And this isn’t just about figuring out why some dude in Michigan voted for Trump. Though that’s part of it. We should figure that out. It’s about actually exploring division instead of putting it in side-by-side boxes on television, whether it’s a conversation about politics or religion, race or gender, or belief itself. Ana has accrued a bunch of unlikely friends in politics, and she has strong disagreements with those friends. So why not have a civilized, thoughtful conversation (with some jokes and maybe the occasional “oh come on” because these are important issues and people feel strongly) and see what happens?
Ana Marie Cox speaks with journalist Eli Saslow and Derek Black about Derek Black’s transformation from white nationalist to antiracist activist. They discuss current news, what Trump means for the rise of white nationalism in everyday life, and mistakes made by the media and within American culture that contributed to the normalization of white supremacy.
On this week’s two part episode, Ana Marie Cox interviews Karamo Brown and Parker Molloy. Karamo and Ana discuss Karamo's work on Queer Eye, mental health, and what it means to be different in today’s society. Parker and Ana talk about the recent memo about legal status of Trans people released by the Trump administration, what identity means to them, and what the term identity politics has come to mean.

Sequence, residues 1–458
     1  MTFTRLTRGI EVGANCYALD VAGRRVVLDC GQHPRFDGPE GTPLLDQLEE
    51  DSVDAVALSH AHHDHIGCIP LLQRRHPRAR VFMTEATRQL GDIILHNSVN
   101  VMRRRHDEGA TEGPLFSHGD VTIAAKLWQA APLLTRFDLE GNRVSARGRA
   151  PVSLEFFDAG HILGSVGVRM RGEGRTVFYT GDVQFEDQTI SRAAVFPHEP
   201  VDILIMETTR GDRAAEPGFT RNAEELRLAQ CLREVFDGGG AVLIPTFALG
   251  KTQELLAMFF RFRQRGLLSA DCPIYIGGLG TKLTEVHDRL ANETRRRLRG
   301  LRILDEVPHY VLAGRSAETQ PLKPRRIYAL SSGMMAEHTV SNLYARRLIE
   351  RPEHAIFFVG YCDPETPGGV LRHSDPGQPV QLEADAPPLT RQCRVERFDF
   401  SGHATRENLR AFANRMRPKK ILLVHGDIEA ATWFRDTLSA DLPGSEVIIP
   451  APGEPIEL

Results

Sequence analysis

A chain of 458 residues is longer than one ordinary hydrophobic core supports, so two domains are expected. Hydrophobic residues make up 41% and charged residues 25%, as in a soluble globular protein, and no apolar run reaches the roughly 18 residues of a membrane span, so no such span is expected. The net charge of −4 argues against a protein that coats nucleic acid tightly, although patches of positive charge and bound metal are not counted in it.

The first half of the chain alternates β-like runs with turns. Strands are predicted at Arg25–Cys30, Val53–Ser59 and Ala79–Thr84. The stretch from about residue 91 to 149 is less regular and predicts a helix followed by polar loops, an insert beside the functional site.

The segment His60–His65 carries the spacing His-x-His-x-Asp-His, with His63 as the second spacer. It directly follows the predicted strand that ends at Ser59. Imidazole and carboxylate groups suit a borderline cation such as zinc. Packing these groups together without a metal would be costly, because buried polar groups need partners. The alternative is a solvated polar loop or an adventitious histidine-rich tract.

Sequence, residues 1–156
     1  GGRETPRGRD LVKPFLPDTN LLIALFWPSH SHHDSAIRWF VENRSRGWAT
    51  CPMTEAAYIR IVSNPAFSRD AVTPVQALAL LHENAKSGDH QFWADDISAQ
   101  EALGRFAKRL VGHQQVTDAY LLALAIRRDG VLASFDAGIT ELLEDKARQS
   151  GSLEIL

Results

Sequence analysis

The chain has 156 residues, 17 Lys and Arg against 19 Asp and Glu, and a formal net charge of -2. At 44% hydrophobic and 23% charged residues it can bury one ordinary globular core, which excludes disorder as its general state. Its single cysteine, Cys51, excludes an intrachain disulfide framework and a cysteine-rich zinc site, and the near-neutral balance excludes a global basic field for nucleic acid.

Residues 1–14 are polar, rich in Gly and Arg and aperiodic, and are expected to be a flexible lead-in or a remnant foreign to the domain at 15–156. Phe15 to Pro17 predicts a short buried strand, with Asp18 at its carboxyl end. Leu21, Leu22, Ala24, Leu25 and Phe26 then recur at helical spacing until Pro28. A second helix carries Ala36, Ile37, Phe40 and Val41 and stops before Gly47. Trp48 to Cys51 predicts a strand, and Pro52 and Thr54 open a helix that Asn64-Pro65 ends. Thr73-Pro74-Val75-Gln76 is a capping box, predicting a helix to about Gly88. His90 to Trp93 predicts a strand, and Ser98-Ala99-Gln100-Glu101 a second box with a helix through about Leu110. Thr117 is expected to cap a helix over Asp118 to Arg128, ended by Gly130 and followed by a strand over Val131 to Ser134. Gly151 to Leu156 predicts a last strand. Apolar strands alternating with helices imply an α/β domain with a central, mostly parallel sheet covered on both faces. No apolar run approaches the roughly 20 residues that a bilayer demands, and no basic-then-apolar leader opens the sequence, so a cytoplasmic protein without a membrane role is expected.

Heather Havrilesky joins Ana to talk about her new book, her career, and politics. They discuss what 2016 meant to them both personally and politically, how feminism has changed in the era of Trump and the MeToo Movement, and their hopes for the 2018 midterm elections.
Ana sits down with Disability Rights Activist Alice Wong to discuss what ableism looks like today, how being disabled is perceived, and the responses from the disabled activist community. They also cover how the modern political landscape affects people who are disabled, and what Trump and Kavanaugh mean for healthcare decisions.
This week Ana sits down with Max Boot, author and Council of Foreign Relations fellow, to discuss his reasons for leaving the Republican party. They talk about how identity plays into politics, the deep problems with both Trump and the conservative movement itself, and what needs to happen to stop American politics from continuing toward extremism.